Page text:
How to Use Art in Your Home Decor

There is more to the enjoyment of your art than just hanging it on your walls.  Carefully placed, well lit, and working in concert with your home decor, your art can make your abode look more beautiful and feel more inviting to you and your family and guests.  So what is the difference between a random collection of pictures and a well-planned design for your art collection?  Here are a few considerations:

  • Get the scale right – You just can’t put an 8×10 photo or a 16X20 poster above your sofa and expect it to work.  Large blank walls, large architectural elements like fireplaces, and large pieces of furniture like sofas and buffets, need art that is the right size.  There are a range of sizes that will probably be appropriate, but it must be big enough to stand up to the fireplace or sofa.  If it is not, it will look like a postage stamp on the wall.

  • Think about how the work will be viewed – Some works will be viewed from a distance, like above your fireplace.  Some works will be viewed from up close, like in your bathroom.  Be sure that you use your bolder and larger works in places that will show well from a distance.  Your softer and more detailed pieces will shine in places where you can view them up close, like in hallways, bathrooms, and bedrooms.

  • Consider the art’s colors and style along with that of the decor – Don’t select your art like you are selecting a pillow for your sofa.  Avoid color clashes, but let your art  go beyond the color pallette of your room for more interest.  The art should be pleasing in its surroundings, but should not blend in too much because it is the same colors as the rest of the room.
  • Only buy art you love – Don’t buy art because it goes with your couch.  Buy it because you love it.  If you do, you will like it longer and it will still work in your home when you change your decor.
  • Buy the best art you can afford – If  you have a beautiful home and high quality furniture, you should be buying original art.  Posters and prints just don’t compare to original work.  Your art should be of the same quality as your decor.  If your budget doesn’t allow the purchase of originals, there are beautiful and high quality posters and prints available that look great.
  •  Consider flow – Think about how your use your home — how you move through the spaces and where your eyes naturally look.  Those places are great spots for displaying art.  The blank wall that faces the front door, the end of the hallway,  the wall above the toilet in the bathroom, the wall right outside your office door, the little space above your nightstand you look at just before turning in — these are just some of the places in your home that would love a piece of art for you to enjoy.

  • Make art the centerpiece – If you have great art, design your decor around it.  Perhaps neutral floors, paint, and upholstery would serve as a pleasing backdrop for your great art.  Or maybe a single killer piece can be placed prominently to create a focal point that your decor enhances.

 

  • Think quality, not quantity – In general, fewer larger and better pieces is better than a large number of smaller pieces.  It is easy to collect small works of art.  They are easier to handle.  They fit in your suitcase.  They are less expensive to buy and frame.  However, if all you have are small pieces, they won’t be the right size for those important places in your home – above the sofa, above the buffet, above the mantle, on the dining room wall.  And too many is just too many.  Clutter is not a good look.  You just can’t get the visual impact you want with small works of art.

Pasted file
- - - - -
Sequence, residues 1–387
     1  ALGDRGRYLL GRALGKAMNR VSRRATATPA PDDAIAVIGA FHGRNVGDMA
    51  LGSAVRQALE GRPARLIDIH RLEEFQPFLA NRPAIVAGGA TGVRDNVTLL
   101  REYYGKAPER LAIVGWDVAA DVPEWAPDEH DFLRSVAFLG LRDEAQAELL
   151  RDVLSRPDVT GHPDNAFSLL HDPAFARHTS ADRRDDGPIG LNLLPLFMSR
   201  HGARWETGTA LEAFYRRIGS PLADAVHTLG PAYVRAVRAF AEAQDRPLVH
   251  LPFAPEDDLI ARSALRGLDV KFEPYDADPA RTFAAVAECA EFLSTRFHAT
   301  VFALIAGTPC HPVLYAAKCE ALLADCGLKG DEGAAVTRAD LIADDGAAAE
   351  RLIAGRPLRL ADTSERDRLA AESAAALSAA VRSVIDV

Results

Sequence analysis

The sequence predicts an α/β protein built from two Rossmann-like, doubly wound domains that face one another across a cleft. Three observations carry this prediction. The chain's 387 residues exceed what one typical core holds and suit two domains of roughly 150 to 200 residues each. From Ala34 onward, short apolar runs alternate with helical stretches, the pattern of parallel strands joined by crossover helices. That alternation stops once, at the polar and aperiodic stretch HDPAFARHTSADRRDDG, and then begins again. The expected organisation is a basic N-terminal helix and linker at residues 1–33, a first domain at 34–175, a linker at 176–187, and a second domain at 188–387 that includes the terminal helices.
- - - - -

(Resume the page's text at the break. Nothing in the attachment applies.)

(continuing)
• Lighting is huge – The most stunning work of art is wasted in a poorly lit room.  Art needs light to be seen.  Directional lighting (like track lights and recessed directional lights) are best because they are adjustable and really put the focus on your art.    Look around your home for the naturally well-lit places and take advantage of those places to place art.  Check out your lighting store to see your options for retrofitting directional lighting, as well as for picture lights and mantle lights.
  • Relate your art to your furniture and accessories – Much of your art will be hanging above furniture.  Be sure it is hung close enough to the furniture so it becomes a grouping with the furniture and accessories.  The grouping will be better than the individual pieces are separately.

  •  Be a student – These principles will help you use your art to better effect in your home.  You have great resources available to you to inspire your use of art.  Look at the house magazines.  Check out Pinterest.  Go on home tours.  Check out the homes of your friends.  Be discerning.  What works and what doesn’t?  Learn from others’ mistakes.  Steal the best ideas.  Find a friend or framer who has great taste who can help you.
  • Take time to enjoy your art – This is about attention.  Actually take a few seconds once in awhile to look at your art.  Think about the skill and the vision of the artist.  Enjoy the colors and the textures.  Step back and enjoy it in its environment.  Ask someone else what they think of the art and start a conversation.  Enjoy!